Technology is woven into every aspect of our society and promises to unlock human potential in ways that seemed impossible mere decades ago. Yet this rapid transformation has far outpaced government service provision, regulation, legal jurisdiction, public understanding and corporate norms, leaving us all exposed to unchecked harms.

The field draws from those with top technological expertise, such as engineers and computer scientists, who also have understanding of the core ethical, legal, policy and societal dimensions of technological change. This distinguishes these technologists from those with engineering or computer science training alone.

PIT seeks to solve public problems, design policy and legislation, and make government services more efficient and effective in a just and equitable way through the application of best practices from technological fields (such as human-centered design, product development, process re-engineering and data science).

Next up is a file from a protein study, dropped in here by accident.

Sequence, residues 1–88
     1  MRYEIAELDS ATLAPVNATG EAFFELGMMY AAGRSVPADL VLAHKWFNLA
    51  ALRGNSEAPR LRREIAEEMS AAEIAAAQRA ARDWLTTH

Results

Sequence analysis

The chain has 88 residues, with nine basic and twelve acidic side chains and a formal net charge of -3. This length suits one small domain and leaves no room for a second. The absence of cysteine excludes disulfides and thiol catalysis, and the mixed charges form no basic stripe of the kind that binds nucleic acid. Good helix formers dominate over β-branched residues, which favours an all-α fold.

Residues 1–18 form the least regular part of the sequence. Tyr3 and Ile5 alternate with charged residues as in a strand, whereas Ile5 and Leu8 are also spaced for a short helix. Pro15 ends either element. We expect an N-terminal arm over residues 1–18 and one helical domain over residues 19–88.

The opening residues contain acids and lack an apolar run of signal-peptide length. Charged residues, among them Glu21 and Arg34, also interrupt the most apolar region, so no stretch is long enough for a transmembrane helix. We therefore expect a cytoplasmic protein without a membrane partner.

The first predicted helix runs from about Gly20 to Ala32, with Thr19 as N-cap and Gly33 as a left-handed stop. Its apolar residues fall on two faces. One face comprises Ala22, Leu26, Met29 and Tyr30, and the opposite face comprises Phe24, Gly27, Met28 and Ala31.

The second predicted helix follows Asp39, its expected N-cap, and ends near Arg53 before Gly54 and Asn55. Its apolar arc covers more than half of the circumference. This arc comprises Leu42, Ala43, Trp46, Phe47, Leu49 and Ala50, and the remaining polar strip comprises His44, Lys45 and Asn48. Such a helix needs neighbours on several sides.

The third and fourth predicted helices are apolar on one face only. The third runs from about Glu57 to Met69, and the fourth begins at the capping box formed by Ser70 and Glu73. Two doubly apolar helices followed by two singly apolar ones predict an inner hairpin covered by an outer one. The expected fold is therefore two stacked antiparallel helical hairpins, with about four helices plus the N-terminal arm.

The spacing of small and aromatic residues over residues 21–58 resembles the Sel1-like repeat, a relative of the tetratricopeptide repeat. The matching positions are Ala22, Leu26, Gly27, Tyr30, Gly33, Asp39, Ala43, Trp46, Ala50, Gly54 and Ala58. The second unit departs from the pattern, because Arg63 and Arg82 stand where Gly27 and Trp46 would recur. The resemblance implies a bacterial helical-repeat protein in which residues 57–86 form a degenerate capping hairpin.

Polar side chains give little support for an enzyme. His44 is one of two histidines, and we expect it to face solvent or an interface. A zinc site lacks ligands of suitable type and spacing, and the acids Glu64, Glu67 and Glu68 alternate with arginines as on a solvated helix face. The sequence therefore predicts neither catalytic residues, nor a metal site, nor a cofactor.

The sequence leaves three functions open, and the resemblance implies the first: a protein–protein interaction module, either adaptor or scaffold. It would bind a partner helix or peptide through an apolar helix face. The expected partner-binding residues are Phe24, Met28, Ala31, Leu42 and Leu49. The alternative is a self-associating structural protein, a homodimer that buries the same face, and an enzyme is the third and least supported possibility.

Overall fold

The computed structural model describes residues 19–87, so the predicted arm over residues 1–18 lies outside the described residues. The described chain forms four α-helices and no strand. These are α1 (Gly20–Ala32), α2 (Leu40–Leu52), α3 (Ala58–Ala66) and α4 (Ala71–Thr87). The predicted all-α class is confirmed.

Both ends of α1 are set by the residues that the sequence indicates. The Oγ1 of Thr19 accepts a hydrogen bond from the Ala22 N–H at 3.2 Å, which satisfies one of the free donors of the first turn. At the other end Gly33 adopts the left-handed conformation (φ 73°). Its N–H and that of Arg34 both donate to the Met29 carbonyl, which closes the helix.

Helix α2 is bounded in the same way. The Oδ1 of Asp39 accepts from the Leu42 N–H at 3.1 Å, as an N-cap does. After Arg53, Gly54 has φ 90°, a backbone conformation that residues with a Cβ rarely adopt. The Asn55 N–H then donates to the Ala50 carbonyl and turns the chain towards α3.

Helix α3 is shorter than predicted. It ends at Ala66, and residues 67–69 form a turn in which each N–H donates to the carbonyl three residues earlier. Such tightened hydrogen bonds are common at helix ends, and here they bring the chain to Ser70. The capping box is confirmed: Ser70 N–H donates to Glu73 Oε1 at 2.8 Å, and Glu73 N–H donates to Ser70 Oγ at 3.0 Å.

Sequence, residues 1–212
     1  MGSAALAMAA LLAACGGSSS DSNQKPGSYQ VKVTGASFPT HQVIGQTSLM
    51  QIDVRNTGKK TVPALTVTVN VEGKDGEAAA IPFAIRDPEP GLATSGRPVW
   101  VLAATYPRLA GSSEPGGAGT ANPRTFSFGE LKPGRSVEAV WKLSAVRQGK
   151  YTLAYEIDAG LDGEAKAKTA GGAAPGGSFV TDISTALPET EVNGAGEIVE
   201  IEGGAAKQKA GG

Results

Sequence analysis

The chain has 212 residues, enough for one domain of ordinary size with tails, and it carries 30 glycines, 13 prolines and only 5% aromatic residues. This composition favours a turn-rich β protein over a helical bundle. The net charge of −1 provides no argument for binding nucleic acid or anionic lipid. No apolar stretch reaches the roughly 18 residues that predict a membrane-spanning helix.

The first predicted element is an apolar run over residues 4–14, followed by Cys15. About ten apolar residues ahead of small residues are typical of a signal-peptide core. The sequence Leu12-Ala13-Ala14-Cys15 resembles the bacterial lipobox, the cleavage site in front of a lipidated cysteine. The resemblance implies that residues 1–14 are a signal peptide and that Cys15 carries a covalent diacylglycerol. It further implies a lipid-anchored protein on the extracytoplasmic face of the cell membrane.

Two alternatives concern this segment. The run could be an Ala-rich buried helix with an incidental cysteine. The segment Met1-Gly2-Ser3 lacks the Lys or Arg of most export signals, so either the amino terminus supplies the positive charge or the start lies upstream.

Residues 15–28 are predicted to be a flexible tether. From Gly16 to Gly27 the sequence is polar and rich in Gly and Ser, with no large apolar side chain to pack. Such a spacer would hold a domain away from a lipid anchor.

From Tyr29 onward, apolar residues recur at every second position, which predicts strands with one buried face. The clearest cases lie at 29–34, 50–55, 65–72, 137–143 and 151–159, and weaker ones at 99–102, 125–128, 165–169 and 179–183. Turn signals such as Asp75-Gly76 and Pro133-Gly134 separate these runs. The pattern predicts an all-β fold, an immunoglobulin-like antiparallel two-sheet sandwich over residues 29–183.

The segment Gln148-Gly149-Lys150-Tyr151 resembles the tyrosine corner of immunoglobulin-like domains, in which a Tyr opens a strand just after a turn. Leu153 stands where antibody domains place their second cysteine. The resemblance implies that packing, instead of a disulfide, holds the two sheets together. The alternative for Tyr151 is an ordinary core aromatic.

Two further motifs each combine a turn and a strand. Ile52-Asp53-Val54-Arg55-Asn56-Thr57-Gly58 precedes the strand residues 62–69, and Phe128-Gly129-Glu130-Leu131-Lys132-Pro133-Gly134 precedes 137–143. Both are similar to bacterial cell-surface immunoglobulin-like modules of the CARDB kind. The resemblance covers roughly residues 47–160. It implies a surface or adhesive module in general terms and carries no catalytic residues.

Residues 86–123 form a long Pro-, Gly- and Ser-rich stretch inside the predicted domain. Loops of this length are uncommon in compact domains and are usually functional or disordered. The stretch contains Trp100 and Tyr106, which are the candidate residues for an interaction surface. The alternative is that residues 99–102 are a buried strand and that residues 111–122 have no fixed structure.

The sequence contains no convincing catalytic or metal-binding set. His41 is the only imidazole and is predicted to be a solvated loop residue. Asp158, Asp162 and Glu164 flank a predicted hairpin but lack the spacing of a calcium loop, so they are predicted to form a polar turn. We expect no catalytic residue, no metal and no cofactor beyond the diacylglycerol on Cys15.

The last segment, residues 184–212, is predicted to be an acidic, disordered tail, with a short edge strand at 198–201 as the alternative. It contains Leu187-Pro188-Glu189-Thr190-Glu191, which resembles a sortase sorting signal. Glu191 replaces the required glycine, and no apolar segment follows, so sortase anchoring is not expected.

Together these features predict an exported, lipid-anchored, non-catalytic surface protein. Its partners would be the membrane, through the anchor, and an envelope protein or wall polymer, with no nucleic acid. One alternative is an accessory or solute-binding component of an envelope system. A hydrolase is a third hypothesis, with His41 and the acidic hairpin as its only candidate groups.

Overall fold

Right now technological expertise is concentrated in the private sector rather than well-represented in government and civil society, leaving the voice of the public insufficiently represented.

Without considering the public interest implications, technology is used in ways that undermine privacy, equality and free expression, and nonprofit organizations on the frontlines of defending and expanding our basic rights and freedoms need the technological expertise to face these challenges.

For society to fully benefit from the power of technology while offsetting its harms, academia, the private sector, government and nonprofits will need to infuse PIT throughout all four sectors.